Alliance on to LCS semifinals after besting Copenhagen Wolves

Alliance bested Copenhagen Wolves 2-1 to open the League Championship Series Europe Spring Playoffs earlier today

Screengrab via Riot Games/YouTube

Alliance bested Copenhagen Wolves 2-1 to open the League Championship Series Europe Spring Playoffs earlier today.

The No. 6 seeded Wolves gave No. 3 seed Alliance a run for their money, taking the first game of the series and securing early leads in the next two before succumbing to the favored squad.

Alliance entered the playoffs on a role. The so-called all-star team, built around the former Evil Geniuses mid laner Henrik “Froggen” Hansen, took half the season to figure out how to win. But once they did, they couldn’t stop.

Through Week 5, Alliance were in last place with a 4-8 record. Since then, they’ve gone 12-4, including an 8-0 run from Week 8 to Week 10, boosting them to third in the league.

And after today, Alliance are on to the semifinals, where they will face the No. 2 seeded Fnatic. During the regular season, two teams split their series 2-2. But Fnatic took the most recent match in Week 11.

“It’s going to be a more explosive matchup than this one,” Hansen said.

Alliance came back from a one game deficit against Wolves by going back to their roots and channeling the farm-centric style played by their mid laner Hansen and top laner Mike “Wickd” Petersen on their Season 2 and Season 3 teams, CLG EU and Evil Geniuses.

With late game champion Ryze in top lane and Karthus in middle, and backed by scaling items Tear of the Goddess and Rod of Ages, Alliance outlasted Wolves by simply playing safe on their towers until the 30 minute mark.

The match was a “farm fest,” as Hansen put it in his post-game interview.

That wasn’t Alliance’s plan entering the series, however. In the first game in the series, they intended to split push with Ziggs’ lane clear in middle. But Alliance ran into trouble when Copenhagen Wolves shrewdly picked Jax for their top laner after banning out Alliance’s counter options, Irelia and Renekton. With Ryze off the table thanks to Alliance’s own ban, that left Petersen no comfortable counter in the top lane.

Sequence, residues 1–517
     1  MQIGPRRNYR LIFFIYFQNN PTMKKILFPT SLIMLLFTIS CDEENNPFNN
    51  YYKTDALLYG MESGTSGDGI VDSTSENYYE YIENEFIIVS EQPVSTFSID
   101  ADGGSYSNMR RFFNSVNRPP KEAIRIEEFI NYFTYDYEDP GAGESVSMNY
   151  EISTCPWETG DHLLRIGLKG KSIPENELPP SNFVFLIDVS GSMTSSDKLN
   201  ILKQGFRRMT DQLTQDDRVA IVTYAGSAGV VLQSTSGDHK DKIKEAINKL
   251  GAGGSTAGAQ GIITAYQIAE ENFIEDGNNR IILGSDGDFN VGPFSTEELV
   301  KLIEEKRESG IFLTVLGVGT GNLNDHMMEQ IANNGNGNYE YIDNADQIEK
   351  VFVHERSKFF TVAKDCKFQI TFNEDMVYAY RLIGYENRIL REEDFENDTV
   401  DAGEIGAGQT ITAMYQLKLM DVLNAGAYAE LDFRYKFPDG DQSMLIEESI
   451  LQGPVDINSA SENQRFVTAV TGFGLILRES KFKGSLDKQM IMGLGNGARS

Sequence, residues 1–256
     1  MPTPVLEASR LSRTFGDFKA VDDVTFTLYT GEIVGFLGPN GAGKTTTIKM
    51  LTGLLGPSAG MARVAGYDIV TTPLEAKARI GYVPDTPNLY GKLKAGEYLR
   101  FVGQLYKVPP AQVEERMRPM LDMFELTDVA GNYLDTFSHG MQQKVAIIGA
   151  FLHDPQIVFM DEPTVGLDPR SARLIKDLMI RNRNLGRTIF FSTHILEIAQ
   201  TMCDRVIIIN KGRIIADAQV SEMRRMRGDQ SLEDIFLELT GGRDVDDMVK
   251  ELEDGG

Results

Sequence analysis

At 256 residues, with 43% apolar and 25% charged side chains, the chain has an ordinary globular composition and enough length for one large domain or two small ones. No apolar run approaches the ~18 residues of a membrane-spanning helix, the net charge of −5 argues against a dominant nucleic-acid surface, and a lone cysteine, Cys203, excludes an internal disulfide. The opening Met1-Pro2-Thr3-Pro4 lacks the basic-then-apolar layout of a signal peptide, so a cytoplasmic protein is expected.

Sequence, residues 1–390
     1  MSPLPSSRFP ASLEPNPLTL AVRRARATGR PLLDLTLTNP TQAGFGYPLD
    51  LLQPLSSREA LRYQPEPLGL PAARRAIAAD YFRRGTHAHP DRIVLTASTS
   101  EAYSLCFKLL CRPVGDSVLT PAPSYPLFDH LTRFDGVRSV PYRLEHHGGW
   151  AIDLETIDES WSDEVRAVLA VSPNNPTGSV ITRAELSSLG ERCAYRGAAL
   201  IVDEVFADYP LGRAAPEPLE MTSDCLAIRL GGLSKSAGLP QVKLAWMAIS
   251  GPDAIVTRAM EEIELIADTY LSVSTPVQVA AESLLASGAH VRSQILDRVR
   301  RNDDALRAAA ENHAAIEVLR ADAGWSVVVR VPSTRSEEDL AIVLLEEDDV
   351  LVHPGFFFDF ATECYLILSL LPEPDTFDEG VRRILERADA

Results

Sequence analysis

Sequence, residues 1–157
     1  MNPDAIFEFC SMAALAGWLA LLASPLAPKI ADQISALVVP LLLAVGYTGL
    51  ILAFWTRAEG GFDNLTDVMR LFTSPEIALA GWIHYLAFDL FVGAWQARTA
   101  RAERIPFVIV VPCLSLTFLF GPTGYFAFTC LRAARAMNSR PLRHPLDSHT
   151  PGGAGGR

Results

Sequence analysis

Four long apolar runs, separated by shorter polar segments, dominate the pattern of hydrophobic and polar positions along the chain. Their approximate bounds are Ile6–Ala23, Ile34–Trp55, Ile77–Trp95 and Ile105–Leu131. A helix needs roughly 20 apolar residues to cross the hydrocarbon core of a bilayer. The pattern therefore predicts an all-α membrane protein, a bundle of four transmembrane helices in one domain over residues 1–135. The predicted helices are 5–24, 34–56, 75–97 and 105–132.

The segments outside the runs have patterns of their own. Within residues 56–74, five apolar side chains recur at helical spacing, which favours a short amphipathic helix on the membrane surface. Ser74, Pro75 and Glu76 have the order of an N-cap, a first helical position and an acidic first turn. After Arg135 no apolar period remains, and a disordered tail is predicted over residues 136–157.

“We basically couldn’t handle Jax,” Hansen said. “So he could always go off to the side and split push. He didn’t even need to buy magic resist because I had to stay with the team at middle. So we had to send Shyvana after Jax and that wasn’t that favorable.”

Copenhagen Wolves jumped ahead quickly, pushing down Alliance’s bottom inhibitor turret in the early minutes as the teams split three players on opposite lanes of the map. Alliance took too long to back and defend their base, a theme throughout the game. Their rotations were slow in response to the speedy Wolves, whose unstoppable Jax in the side lane left Alliance unsure of where to commit their team.

Rotating objective to objective, Wolves squeezed Alliance off the map until they eventually took the game.

“We really wanted to play Ziggs and have the stronger split pushers, but we had to change our strategy after game one,” Hansen explained. “So we went Ryze and Karthus.”

The two late-game champions proved a solid choice as Alliance played two safe games, eventually outscaling Wolves, who couldn’t capitalize on early advantages.

In game two, Wolves managed to gain a couple thousand gold lead, securing the first turret and dragon, but hit a wall in the mid game. Their mobility-focused lineup, which featured Lulu, Karma, and Evelynn, gave them superior control over the map.

But Alliance didn’t care. They were content to freeze their lanes and wait it out until the late game. As the timer ticked higher, Alliance showed that Wolves simply didn’t have the damage to best their powerful scaling. At the 36 minute mark they took three kills while challenging Wolves’ middle inner turret and pushed in for the win.

Wolves swapped out Karma for Leona and Lulu for Ziggs in game three, looking for more damage and harder engage, but still had no answers for the passive Alliance team content to play safe in their lanes.

This was epitomized at the 29 minute mark, when four members of Wolves tried to catch out Petersen’s Ryze in top lane, but couldn’t secure the kill despite blowing four ultimates.

Despite their elimination, Copenhagen Wolves still has a game to play: the important fifth place match, set for 4pm EST tomorrow. The loser is doomed to relegation, forced to compete for their LCS lives in the Summer Promotion tournament next week.